Hardly any young people are becoming hams anymore

This is what Ed Muns, W0YK, said in an interview the other day, and goes on with because they see this as kind of old school stuff.

A year ago the ARRL web site said: Amateur Radio showing steady growth in the US“. AH0A’s website with statistics over the US ham population backs this up with the curve shown here. Even in my local club we are now seeing young people signing up for licence classes. 

How different perspectives! How has an old radio amateur like W0YK come to believe in the myth of declining numbers of hams?

Sverre Holm, LA3ZA, is a regular contributor to AmateurRadio.com and writes from Norway. Contact him at [email protected].

10 Responses to “Hardly any young people are becoming hams anymore”

  • Jim K4AHO:

    What we need to know is where is this growth coming from. We need to look at our classes and testing sessions and determine the dominate demographic. That is our fertile ground. From watching my Grandsons grow up, I think kids are so bombarded by high technology and educational demands from schools and parents, that they no energy or time left for hobbies of any sort.

    Our true growth may be coming from young adults that are more settled and have more time and money to spend on a hobby.

    I think shotgunning kids with Ham Radio demo’s is a waste of time and resources.

  • Paul, W3FIS:

    I think is is a combination of the “prepper” and “maker” crowds.

    73 /paul W3FIS

  • Don N4KC:

    Lots of factors at play here. First, remember that we were baby-boomers…that huge influx of kids who came along in the late ’50s and early ’60s. That alone swelled the number of young hams. We have not had that kind of baby boom since.

    K4AHO is correct, too, that modern society puts quite a bit of pressure on kids now. Little wonder they gravitate to video games where no license or learning are required.

    Still, I’m optimistic. If we continue to stress all that our hobby offers, the chances of many younger people joining our ranks goes up. Also, don’t forget the middle-aged to older bunch. They have more disposable income and, once the career ladder has been scaled, more time for such pursuits.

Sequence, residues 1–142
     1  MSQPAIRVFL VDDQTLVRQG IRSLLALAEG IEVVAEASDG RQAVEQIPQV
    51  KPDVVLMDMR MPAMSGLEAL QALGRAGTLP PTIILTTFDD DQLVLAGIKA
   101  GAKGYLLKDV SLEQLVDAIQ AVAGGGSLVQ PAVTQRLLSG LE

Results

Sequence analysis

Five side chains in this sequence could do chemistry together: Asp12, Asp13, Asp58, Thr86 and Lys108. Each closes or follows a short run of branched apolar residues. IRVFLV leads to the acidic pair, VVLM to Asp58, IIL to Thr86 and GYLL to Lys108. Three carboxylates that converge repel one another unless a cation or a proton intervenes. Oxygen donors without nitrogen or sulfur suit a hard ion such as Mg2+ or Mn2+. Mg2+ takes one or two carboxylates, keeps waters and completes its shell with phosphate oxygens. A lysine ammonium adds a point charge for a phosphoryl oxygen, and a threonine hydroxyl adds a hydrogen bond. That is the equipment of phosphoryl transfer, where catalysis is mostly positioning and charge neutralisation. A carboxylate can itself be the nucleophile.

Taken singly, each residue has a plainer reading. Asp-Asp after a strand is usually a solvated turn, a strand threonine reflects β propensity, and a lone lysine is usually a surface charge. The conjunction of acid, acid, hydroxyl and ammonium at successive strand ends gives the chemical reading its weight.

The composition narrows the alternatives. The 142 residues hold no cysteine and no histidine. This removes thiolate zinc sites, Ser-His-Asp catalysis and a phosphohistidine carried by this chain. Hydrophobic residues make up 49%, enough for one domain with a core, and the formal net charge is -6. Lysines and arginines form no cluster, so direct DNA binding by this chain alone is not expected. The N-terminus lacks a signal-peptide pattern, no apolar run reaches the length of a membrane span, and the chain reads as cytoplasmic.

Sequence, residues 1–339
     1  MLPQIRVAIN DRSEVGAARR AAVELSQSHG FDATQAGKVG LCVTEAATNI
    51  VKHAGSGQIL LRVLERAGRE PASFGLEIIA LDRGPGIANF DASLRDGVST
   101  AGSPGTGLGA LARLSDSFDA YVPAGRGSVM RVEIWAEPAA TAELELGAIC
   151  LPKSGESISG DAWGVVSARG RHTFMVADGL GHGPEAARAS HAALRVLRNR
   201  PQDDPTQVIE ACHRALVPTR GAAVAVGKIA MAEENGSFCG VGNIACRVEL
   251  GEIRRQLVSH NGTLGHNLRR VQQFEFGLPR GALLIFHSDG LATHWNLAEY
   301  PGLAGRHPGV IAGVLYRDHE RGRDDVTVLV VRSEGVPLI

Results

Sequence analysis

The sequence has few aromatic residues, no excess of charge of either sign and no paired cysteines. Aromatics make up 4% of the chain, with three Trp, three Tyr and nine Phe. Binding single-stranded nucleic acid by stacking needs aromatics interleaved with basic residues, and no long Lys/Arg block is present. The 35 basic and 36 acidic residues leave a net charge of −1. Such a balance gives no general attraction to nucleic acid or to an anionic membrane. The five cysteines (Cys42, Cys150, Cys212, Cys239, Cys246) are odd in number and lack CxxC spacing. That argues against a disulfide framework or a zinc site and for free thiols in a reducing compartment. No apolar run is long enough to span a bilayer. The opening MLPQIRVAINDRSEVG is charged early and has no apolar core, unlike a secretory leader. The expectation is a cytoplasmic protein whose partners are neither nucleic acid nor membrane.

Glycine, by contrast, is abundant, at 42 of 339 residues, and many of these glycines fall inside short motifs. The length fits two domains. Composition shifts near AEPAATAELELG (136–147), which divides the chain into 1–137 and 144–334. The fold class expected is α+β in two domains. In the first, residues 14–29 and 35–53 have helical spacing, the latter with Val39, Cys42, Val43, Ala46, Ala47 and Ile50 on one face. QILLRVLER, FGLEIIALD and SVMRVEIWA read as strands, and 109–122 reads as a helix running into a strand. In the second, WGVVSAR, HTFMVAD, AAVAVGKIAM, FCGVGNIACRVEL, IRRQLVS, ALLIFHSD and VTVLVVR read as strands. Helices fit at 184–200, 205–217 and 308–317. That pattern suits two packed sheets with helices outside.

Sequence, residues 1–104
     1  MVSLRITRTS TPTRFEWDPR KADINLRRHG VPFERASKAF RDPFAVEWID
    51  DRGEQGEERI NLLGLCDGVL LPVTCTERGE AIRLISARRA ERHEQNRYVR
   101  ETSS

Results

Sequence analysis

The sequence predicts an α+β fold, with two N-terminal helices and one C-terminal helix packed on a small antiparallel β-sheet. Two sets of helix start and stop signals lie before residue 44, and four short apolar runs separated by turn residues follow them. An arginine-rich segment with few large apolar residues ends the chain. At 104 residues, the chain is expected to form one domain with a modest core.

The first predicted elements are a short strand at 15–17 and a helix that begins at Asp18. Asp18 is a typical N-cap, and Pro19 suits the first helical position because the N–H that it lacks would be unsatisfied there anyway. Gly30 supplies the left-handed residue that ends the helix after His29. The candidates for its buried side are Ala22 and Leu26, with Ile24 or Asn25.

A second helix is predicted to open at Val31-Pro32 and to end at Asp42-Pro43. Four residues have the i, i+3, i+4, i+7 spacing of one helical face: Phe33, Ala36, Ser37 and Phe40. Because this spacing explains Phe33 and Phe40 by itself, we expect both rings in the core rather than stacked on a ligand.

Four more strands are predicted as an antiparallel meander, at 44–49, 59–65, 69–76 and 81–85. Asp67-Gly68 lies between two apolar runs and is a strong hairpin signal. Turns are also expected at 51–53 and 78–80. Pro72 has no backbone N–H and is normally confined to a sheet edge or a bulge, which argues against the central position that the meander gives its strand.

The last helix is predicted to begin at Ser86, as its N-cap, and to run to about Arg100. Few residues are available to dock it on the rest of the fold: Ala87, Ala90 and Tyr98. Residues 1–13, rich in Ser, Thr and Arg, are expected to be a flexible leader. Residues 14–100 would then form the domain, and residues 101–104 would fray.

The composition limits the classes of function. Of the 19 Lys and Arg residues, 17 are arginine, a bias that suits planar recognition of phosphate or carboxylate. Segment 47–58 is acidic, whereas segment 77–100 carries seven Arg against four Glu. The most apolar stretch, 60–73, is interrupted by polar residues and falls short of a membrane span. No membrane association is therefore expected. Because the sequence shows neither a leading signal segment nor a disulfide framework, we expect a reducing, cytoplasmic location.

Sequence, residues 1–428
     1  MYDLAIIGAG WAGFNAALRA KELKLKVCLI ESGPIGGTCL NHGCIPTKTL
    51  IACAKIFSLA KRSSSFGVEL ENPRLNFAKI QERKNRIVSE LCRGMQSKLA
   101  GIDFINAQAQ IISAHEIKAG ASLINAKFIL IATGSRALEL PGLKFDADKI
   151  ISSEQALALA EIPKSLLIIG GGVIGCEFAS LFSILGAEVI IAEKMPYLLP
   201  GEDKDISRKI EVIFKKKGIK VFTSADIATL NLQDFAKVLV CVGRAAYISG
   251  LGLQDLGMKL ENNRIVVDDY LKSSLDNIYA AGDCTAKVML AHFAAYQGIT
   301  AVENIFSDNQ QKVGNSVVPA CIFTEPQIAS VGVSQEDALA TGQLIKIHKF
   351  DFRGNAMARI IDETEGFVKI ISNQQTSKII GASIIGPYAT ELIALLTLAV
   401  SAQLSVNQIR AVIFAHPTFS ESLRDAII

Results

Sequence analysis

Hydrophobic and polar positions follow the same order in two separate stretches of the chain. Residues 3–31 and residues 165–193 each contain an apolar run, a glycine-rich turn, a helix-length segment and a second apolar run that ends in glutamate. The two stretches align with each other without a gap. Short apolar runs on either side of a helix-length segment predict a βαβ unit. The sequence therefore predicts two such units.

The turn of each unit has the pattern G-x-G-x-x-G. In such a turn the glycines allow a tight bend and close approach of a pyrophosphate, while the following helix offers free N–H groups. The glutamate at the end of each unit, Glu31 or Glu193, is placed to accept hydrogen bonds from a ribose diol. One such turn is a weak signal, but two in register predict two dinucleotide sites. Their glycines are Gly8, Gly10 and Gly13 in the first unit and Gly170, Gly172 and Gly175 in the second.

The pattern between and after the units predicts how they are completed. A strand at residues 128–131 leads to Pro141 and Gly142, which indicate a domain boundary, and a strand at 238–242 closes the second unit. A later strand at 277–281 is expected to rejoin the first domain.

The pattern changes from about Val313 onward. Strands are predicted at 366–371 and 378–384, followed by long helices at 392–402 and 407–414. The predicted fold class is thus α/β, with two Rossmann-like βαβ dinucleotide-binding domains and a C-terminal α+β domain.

Our hobby is not for everyone. Much as we love it, not everybody will. Let’s just do a better job of presenting exactly what we are and what we do and we’ll infect plenty of potential hams with the on-the-air virus…regardless their age!

    Don N4KC

  • Pesce PU2LXN:

    See the article:

    Amateur Radio: Not A Hobby For Everybody
    from Don Keith, N4KC on November 16, 2010

    at http://www.eham.net/articles/24826

    Pesce – PU2LXN

  • Tom KJ9P:

    All of the opinions expressed are valid. What I am finding exciting, is the experimentation going on with applying the Raspberry PI, ARDUINO and similar devices to
    Amateur Radio.

    I am getting interest from my Grandson, who is in the age group, that learning coding (cpu) , is being encouraged. To add to that interest, those devices today are in the relative price range of the surplus electronic devices we bought at the end of WW II.

    O.K., he is 13 and I am 75. His first question to me was “Grampa? How did you build a
    repeater using a Raspberry PI?” DING! The door has openend. The “light is burning”.

    I may get him away from his cell phone after all. A future Ham perhaps?

    Tom KJ9P

  • Bernie - KD1BD:

    I wonder if the Boomer generation is another source of growth as well. As a kid in the 60s I was deep into SWL and CB, and later into scanning. Never got my ham ticket until 2013 at age 65 when a sabbatical gave me a block of time to hunker down and take all three tests. I still haven’t had my first QSO but I’m all set for whenever I decide to retire. I’ll bet there are others like me in among the new old hams.

  • Jeff - KE7ACY:

    I didn’t get my license until 2004 (at age 51). If young people aren’t getting licensed, it’s because we as hams aren’t reaching out to them. We aren’t promoting STEM in the school systems, we aren’t pushing for ham clubs in the schools (or supporting the ones that already exist). We aren’t making near space balloon launches available as science platforms, etc. etc. etc.

    If YOU aren’t reaching out to young people, who else is going to do it??

    The clubs in my area are making a concerted effort to reach young people. Scouts are a good example where reaching out has definite benefits all the way around. But if you don’t do it yourself, how can you expect it to happen??

  • peter kg5wy:

    I agree with Jim and Pesce.
    I also think it’s like unemployment figuring. Some information and sources is left out.

  • Chris Valliant:

    I tried getting my licence when I was young and quite into CB radio’s. But I found that the HAM’s I talked to just didn’t have the time to talk to me. It seemed to me that they looked down on me. So I just gave up on the whole thing at the time but now I am trying to get back into it and even took a class, but when it came time for the exam my dyslexia came back in spades (probably due to stress) and I was so close to passing. But I think if younger people could realize how much fun it is, and what you can do with it I am sure the 15-20 year old’s would get on board. They just have to make the exam more relevant to what kids are learning today.
    Anyway, just my two cents.
    I will have my licence one day.

  • Sverre LA3ZA:

    I am happy that my slightly ironic post has given rise to so many comments. I see new hams coming to the hobby for VHF/UHF local communications, but also for access to frequencies for drones. Not so many preppers in Norway that I know of.

    Good luck to Chris – I do hope you get your license soon. I almost got mine as a teenager, but didn’t. In the end I got it when I was almost 50 years old and I have enjoyed it since.

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